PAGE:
Urgent action needed to combat child labour

Niël Terblanché

As the world unites to observe the World Day Against Child Labour on 12 June attention is drawn to an unrelenting abuse that affects millions of children globally.

A report by Greta Campora and Ariane Genthon, experts from the Food and Agriculture Organization of the United Nations (FAO), reveals the grim reality that child labour continues to be a significant problem worldwide.

According to the report, child labour is defined as work that is unsuitable for a child’s age, disrupts their education, or poses risks to their health, safety, or morals.

Alarmingly, 160 million children are engaged in child labour globally, with 70% of them working in agriculture and its sub-sectors.

In sub-Saharan Africa, more children are involved in child labour than the rest of the world combined, with nearly 82% of these children working in hazardous conditions, primarily in agriculture.

According to the study, children in sub-Saharan Africa often help their families by performing tasks such as cultivating crops, raising livestock, or fishing, activities driven by a complex mix of poverty, food insecurity, and cultural factors.

Limited access to quality education and social protection further exacerbates the issue, leaving these children vulnerable to exploitation and perpetuating a cycle of poverty.

The researchers found that efforts to eradicate child labour globally must prioritise significant advancements in Africa.

The 5th Global Conference on the Elimination of Child Labour, held in Durban, emphasised the urgency of addressing child labour in agriculture and ensuring universal access to social protection, particularly in African nations.

According to the report, social protection plays a crucial role in combating child labour by enhancing the resilience of rural households and supporting children’s access to education.

By alleviating poverty and economic instability, social protection reduces the need for families to rely on child labour.

However, coverage remains woefully inadequate, with only 17% of the population in Africa having access to such support, disproportionately affecting children.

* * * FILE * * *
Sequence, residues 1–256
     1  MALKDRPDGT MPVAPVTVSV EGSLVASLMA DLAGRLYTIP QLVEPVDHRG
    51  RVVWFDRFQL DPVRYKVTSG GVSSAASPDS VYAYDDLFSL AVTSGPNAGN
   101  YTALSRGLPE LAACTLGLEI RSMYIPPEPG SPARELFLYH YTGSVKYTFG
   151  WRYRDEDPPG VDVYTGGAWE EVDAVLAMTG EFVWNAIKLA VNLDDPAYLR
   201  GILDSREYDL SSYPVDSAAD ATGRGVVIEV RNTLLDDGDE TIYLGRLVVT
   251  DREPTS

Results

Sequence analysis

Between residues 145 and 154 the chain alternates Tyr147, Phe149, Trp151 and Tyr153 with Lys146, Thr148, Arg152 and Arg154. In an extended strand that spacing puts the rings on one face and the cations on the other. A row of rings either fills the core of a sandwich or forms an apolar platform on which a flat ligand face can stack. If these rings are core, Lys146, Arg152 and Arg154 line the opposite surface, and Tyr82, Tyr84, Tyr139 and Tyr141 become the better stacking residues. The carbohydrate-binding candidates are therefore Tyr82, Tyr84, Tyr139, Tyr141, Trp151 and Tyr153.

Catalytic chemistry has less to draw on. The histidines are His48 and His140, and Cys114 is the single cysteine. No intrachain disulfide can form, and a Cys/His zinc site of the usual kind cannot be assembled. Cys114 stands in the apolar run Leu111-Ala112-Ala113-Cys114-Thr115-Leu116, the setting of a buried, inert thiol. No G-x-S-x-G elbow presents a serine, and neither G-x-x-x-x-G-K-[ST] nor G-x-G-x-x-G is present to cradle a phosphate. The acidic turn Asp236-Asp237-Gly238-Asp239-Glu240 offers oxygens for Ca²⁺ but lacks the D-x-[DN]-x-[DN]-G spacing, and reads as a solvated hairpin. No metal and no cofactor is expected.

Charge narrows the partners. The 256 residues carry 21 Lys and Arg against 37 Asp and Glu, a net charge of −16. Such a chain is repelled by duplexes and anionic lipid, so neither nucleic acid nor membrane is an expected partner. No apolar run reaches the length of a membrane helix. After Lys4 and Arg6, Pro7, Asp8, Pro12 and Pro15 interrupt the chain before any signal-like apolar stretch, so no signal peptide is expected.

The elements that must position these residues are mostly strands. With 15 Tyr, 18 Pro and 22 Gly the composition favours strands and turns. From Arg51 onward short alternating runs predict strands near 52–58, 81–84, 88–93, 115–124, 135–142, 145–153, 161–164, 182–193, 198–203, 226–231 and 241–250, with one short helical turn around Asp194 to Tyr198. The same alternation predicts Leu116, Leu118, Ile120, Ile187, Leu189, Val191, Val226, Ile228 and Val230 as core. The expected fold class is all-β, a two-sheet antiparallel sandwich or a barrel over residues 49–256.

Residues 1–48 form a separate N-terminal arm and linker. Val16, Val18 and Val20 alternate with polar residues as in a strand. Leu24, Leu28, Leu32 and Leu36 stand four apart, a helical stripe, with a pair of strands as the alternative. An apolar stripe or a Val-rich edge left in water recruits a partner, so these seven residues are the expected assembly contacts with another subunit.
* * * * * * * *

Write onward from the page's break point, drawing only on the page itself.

The FAO has developed a guidance note outlining strategies to adapt social protection systems to combat child labour, especially in rural agricultural areas.

The document stresses that social protection programmes can help reduce child labour by providing economic opportunities that diminish household dependency on child labour.

These programmes also bolster resilience against economic shocks and reduce harmful coping mechanisms like child labour.

In Burkina Faso, a collaboration between FAO and the International Labour Organization (ILO) illustrates the potential of social protection.

Through the European Union-funded CLEAR Cotton project, conditional cash transfers were provided to families in cotton-producing regions. One of the conditions was that children must attend school.

This initiative led to the removal of 637 children from child labour in cotton fields, who were then enrolled in formal education.

The project also improved household resilience through income diversification and local market enhancement, demonstrating the positive impact of substituting child labour with adult, paid labour.

On this World Day Against Child Labour, there is a call to action to ensure children can enjoy their childhood free from exploitation.

Expanding access to comprehensive, sustainable, and gender-responsive social protection is essential in ending child labour and safeguarding the future of children worldwide.

The experts stressed that achieving this goal is essential to meeting the Sustaining Development Goals (SDGs), particularly target 8.7, which aims to eradicate child labour in all its forms.

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